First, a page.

ESD was performed using a standard single accessory-channel colonoscope (CF-H260 or PCF-Q260JI; Olympus Optical Co., Tokyo, Japan). We demarcated the lesions using chromoendoscopy with 0.4% indigo carmine dye. Then, to lift the mucosa, a mixed solution of 100 mL normal saline containing 0.4% indigo carmine and 0.0001% epinephrine was injected into the submucosal layer. A flex knife (Olympus) or flush knife (Fujinon-Toshiba ES System Co., Omiya, Japan) was used to make a circumferential mucosal incision around the lesion. The submucosal tissue under the lesion was dissected gradually with a flush knife (Fujinon), a hook knife (Olympus), an ITknife (Olympus), or a HybridKnife (ERBE Elektromedizin GmbH, Tübingen, Germany). To achieve long-lasting mucosal elevation, the normal saline–indigo carmine–epinephrine mixed solution was injected periodically during the procedure. High-frequency generators (ICC200 or VIO 300D; ERBE) were used. We performed mucosal incision about 5 mm outside the edge of the lesions in ENDO CUT mode (effect 3, output power 60–80 W for the ICC200; effect 2, duration 3, interval 3 for the VIO 300D). Mucosal incision was performed in ENDO CUT mode (effect 3, 80 W, for the ICC200), or ENDO CUT I (effect 2, duration 3, interval 3) for the VIO 300D, and submucosal dissection was performed in forced coagulation mode (effect 2, 40 W) to remove the lesion completely. We used a pair of hemostatic forceps (Coagrasper, Olympus) in soft coagulation mode (60 W) to control bleeding during the procedure or to prevent possible bleeding from visible vessels in the artificial ulcer that was made by the procedure. ESD was performed by 5 qualified endoscopists with extensive experience in performing ESD in the stomach. Ten percent buffered formalin was used to fix the resected specimen. Fixed resected specimen was then embedded in paraffin, sliced into 2-mm sections, stained with hematoxylin and eosin, and assessed microscopically. Histopathologic diagnosis was based on the World Health Organization (WHO) classification of gastrointestinal epithelial neoplasia [26]. We defined a SM1 cancer as a submucosal cancer that is less than 1,000 μm below the muscularis mucosa, and a SM2 cancer as a submucosal cancer that is more than 1,000 μm below the muscularis mucosa. En bloc and piecemeal resections refer to resection with a single, or multiple pieces, respectively. We defined R0 resection as a specimen removed without the involvement of tumor cells in lateral and basal margins. Procedure time was counted from the beginning of local injection to the finish of lesion removal.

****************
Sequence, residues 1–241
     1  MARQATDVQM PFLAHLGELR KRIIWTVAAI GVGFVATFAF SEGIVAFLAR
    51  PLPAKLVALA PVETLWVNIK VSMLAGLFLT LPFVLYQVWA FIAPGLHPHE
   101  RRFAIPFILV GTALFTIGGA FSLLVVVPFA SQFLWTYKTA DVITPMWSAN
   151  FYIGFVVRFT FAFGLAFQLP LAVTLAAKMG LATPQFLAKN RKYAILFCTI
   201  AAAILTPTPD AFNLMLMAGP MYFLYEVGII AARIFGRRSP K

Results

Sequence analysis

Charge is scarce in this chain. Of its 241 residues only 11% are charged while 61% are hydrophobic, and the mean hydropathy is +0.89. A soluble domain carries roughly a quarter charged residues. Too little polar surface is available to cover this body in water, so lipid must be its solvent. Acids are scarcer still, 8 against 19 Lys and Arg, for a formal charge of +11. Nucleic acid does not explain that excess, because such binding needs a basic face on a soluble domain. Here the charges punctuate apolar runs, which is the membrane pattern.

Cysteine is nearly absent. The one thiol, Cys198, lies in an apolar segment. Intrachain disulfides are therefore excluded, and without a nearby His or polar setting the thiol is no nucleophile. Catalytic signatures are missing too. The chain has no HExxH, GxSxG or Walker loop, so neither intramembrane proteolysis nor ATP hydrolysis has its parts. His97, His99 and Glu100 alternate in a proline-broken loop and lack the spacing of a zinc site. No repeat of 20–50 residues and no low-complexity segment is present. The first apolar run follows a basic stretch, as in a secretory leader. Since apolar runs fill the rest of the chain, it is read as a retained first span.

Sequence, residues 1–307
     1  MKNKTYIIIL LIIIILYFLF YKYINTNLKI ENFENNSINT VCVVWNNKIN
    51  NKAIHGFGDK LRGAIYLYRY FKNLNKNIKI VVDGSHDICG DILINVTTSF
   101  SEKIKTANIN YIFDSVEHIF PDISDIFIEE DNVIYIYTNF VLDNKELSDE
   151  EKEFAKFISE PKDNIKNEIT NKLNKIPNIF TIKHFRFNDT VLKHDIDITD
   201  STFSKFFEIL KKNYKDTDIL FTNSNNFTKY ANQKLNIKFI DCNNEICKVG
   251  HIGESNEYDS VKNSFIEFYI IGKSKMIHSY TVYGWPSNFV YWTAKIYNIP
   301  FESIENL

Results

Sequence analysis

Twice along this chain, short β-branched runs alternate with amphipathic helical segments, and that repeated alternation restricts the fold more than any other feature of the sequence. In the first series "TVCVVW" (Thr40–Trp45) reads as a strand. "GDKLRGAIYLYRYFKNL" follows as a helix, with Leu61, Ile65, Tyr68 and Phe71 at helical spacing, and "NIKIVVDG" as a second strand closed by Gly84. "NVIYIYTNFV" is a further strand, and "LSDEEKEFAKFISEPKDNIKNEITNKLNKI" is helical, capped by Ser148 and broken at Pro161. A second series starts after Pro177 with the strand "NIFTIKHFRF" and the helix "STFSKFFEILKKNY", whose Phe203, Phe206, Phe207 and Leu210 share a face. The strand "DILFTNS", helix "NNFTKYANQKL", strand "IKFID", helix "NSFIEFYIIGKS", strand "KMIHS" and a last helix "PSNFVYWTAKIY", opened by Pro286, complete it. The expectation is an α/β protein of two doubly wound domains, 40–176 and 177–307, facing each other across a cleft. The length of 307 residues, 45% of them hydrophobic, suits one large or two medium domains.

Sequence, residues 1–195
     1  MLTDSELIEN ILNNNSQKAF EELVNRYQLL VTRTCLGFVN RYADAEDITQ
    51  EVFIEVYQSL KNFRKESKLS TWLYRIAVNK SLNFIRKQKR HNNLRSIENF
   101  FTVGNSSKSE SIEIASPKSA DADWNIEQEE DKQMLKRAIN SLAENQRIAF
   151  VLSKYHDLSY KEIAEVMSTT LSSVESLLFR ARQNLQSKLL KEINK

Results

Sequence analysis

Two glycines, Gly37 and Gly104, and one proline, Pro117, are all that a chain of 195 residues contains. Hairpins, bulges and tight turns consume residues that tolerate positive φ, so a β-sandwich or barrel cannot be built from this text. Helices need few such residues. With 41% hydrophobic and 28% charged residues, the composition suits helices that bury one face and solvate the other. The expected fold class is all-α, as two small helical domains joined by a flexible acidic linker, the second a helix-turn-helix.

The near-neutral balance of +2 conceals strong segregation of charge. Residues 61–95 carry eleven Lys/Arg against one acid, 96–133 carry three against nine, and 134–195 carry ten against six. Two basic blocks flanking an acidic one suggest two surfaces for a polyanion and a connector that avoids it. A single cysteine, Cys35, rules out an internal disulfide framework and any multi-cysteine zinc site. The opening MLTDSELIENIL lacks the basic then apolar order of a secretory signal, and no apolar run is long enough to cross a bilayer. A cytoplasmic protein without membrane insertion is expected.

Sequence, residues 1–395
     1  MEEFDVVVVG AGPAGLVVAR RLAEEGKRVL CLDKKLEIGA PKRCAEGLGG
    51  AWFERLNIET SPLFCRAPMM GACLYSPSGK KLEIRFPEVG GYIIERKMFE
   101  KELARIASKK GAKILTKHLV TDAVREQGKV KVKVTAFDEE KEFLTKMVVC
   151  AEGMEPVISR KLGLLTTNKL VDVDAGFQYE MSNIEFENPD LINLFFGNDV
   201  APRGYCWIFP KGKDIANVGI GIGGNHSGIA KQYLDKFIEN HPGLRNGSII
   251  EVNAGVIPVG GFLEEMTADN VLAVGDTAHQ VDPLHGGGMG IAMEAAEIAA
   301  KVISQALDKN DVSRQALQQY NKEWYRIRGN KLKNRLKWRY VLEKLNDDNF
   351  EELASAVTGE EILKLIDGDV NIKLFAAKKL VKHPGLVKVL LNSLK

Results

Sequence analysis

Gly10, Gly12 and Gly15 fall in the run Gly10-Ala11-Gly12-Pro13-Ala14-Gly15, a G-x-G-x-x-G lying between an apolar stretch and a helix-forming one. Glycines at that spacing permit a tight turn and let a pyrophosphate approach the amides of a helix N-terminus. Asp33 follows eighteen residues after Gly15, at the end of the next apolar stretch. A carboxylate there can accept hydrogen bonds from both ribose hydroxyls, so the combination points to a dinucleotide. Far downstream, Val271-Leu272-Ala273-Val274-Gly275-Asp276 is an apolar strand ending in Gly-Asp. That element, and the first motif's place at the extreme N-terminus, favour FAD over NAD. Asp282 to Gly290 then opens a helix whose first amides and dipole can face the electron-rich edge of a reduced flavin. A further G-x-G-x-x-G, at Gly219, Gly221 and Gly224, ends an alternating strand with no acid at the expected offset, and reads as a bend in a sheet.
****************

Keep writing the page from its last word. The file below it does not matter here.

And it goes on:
4. Adverse Events

Procedure-related bleeding after ESD was defined as bleeding that required transfusion or surgery, or bleeding that induced hemoglobin level to fall by 2 g/dL. Perforation was diagnosed endoscopically or by taking abdominal plain radiography or computed tomography and see the free air.

5. Statistical Analysis